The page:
Inhibition of α-SMA levels was evident after addition of Pirfenidone. CT- and DD-derived fibroblasts derived from three different patient samples (N = 3/group) of were left untreated (Ntx) or were stimulated with PFD (800 μg/ml) in the presence or absence of TGF-β1 (10 ng/ml) in α-MEM medium containing 0.1% dialyzed FBS. Twenty-four hours later cell lysates were collected to determine the mRNA and protein expression of α-SMA by real-time RT-PCR (a & b) and Western blot analyses (c & d). Real-time RT-PCR experiments were done on three independent cultures of each of the cell types. Values are mean ± SEM of three independent studies performed in triplicate. One-way ANOVA test was used to determine the statistical significance. *p < 0.05, **p < 0.01. Western blot analyses shown here are representative images of experiments performed using three independent primary cultures of CT- and DD-cord derived fibroblasts. Proteins obtained from different patients were processed in parallel to confirm the changes that are observed are consistent. Protein accumulation was quantified by densitometry using GAPDH as a loading control (e)

PFD attenuates type I and type III collagen subunit mRNA expression in both CT- and DD-derived fibroblasts

Since increased collagen accumulation is the hallmark for fibrosis and the progression of Dupuytren’s disease [33], our next goal was to investigate if PFD can inhibit collagen accumulation. Interestingly, we found that both basal expression and TGF-β1 induction of type I (α-2 chain; COL1A2) and type III collagen (α-1 chain; COL3A1) mRNA levels were significantly inhibited in both CT- and DD- derived fibroblasts by addition of PFD (Fig. 6a – d). PFD appears to more greatly inhibit collagen message in DD cells compared to CT cells. These fingings reiterate PFD as an attractive candidate to mitigate collagen accumulation (and therefore disease phenotype) in DD.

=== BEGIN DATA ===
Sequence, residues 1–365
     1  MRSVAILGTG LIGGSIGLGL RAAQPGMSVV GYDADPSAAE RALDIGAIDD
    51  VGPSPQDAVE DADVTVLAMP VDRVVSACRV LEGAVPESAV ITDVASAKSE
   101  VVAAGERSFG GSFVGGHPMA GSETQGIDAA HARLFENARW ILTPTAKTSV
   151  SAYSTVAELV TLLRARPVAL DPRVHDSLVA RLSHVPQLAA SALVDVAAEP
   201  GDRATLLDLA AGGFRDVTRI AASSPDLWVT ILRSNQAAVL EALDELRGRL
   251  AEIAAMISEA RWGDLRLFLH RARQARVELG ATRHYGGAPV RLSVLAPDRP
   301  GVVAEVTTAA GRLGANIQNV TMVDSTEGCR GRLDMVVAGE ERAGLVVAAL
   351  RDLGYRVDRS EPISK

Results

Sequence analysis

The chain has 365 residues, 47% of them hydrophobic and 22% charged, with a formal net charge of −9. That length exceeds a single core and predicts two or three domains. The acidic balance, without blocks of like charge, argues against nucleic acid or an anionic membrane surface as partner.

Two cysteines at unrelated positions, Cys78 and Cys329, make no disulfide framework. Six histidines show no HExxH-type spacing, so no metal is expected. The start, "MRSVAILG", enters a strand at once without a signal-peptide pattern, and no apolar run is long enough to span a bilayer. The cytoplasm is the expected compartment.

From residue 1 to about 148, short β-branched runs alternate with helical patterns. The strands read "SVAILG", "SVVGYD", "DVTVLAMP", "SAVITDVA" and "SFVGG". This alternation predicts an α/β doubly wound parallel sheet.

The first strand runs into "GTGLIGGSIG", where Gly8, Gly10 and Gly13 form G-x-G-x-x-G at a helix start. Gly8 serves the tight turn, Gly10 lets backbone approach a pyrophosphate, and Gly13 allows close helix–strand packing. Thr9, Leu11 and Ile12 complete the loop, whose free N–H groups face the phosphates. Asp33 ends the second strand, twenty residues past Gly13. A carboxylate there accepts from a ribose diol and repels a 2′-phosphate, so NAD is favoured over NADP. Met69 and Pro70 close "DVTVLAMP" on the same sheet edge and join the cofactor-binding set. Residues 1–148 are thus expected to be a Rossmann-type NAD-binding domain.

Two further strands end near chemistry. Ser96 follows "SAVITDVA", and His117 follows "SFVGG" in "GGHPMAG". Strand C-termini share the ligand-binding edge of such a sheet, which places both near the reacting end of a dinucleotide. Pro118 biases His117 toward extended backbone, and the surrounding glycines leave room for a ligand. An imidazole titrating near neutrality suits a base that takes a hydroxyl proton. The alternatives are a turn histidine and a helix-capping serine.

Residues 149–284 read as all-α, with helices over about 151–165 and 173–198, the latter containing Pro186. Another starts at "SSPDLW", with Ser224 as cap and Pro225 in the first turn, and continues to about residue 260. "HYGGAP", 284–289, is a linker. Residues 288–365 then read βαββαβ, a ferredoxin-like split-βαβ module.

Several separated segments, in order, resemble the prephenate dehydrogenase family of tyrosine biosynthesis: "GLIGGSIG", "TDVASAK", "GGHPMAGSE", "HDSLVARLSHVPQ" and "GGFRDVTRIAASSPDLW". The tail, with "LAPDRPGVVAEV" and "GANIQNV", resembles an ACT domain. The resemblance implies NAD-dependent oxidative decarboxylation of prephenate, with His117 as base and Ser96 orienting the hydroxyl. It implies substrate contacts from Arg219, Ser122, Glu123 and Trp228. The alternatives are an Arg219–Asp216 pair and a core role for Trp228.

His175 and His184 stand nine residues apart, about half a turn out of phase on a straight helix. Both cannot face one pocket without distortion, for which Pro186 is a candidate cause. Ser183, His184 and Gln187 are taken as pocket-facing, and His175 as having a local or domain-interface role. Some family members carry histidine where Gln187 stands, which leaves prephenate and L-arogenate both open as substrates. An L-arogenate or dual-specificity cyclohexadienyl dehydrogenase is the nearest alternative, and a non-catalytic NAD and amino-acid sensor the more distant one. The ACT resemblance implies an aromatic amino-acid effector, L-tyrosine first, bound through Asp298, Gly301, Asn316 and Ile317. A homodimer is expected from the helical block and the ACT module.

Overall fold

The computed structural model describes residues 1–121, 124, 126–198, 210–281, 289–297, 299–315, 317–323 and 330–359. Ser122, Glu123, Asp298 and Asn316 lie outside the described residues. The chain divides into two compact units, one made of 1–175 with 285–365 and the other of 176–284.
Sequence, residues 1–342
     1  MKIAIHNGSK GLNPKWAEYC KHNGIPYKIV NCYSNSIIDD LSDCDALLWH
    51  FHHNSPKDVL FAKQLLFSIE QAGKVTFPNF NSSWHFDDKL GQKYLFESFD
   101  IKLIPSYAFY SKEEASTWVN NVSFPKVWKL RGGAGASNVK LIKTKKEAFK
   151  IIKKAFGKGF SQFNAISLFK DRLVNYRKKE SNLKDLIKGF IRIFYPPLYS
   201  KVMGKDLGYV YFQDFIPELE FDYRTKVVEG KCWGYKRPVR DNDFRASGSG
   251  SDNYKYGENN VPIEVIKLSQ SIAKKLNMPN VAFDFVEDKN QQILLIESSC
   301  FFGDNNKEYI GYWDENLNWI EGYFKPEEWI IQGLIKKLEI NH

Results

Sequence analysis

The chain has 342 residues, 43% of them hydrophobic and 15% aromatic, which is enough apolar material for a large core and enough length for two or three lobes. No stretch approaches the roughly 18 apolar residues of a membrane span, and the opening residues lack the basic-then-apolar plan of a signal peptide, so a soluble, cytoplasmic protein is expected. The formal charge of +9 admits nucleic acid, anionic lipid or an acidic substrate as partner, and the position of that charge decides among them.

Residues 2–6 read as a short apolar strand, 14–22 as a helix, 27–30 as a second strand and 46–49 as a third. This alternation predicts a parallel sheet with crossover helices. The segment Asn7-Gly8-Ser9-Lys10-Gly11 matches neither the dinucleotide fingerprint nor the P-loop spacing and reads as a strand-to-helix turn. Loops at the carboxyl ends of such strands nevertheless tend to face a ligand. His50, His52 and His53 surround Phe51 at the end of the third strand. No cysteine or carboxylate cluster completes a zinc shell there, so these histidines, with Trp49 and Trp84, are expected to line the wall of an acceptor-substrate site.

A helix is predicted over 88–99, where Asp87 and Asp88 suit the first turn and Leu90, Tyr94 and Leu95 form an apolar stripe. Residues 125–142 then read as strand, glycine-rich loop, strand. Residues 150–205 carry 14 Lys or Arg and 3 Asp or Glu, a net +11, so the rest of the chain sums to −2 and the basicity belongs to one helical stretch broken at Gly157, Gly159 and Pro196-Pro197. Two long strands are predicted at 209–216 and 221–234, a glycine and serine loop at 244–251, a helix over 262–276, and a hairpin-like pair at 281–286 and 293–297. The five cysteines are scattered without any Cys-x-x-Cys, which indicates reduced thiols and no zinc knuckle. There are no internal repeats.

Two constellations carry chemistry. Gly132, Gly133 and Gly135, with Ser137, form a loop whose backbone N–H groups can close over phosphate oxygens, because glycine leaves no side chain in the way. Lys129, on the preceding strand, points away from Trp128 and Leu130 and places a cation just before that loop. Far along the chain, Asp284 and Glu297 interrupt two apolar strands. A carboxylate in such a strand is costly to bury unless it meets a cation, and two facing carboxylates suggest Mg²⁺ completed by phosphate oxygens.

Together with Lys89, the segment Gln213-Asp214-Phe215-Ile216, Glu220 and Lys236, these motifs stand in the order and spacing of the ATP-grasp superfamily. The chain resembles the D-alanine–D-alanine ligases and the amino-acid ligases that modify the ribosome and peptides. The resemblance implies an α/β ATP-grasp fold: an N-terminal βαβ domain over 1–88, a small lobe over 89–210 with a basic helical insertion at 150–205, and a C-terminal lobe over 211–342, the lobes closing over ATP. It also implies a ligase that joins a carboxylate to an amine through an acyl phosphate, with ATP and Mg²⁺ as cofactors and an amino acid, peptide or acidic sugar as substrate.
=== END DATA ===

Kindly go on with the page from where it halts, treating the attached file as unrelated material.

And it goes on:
Fig. 6

Pirfenidone effectively inhibited TGF-β1-induction of α-2 chain of Type I and α-1 chain of Type III collagen. CT- and DD-derived fibroblasts derived from three independent patient samples (N = 3/group) were left untreated (Ntx) or exposed to PFD (800 μg/ml) in the presence or absence of TGF-β1 for 24 h. Twenty-four hours later RNA was extracted and mRNA expression levels of type I and type III collagen of CT- (a & b) and DD-derived fibroblasts (c & d) were determined using real-time RT-PCR analysis. Shown is the mean ± SEM of n = 3 of experimental replicates from three different culture of CT- and DD-fibroblasts, each performed in triplicate. *p < 0.05, **p < 0.01

PFD suppresses TGF-β1- induced fibronectin protein levels

The palmar fascia fibrosis seen in DD is associated with excessive deposition of extracellular matrix (ECM) components including fibronectin [19]. DD tissues and cells have been reported to show increased expression of fibronectin type III extra-domain B (FN 1-ED-B) and “oncofetal” fibronectin levels [34, 35] which prompted us to determine if PFD can play a role in reducing fibronectin levels. We found that PFD (800 μg/ml) decreased TGF-β1- induced fibronectin protein levels in both CT- and DD-derived fibroblasts (Fig. 7).
Fig. 7

Pirfenidone substantially reduced TGF-β1 induction of fibronectin expression. CT- and DD-cord derived fibroblasts grown in growth medium overnight were treated with medium containing 0.1% dialyzed FBS for 24 h. Following which, cells were treated with 800 μg/mL of PFD with or without 10 ng/ml TGF-β1 for 24 h. After the treatment, secreted proteins in the growth medium were collected to determine the fibronectin expression using Human Fibronectin SimpleStep ELISA Kit. CT- and DD-derived fibroblasts derived from three different patient samples (N = 3/group) were used to perform the experiment three times in triplicate. Statistical significance was determined by One-way ANOVA. *p < 0.05

PFD inhibits TGF-β1-induced phosphorylation of Smad2/Smad3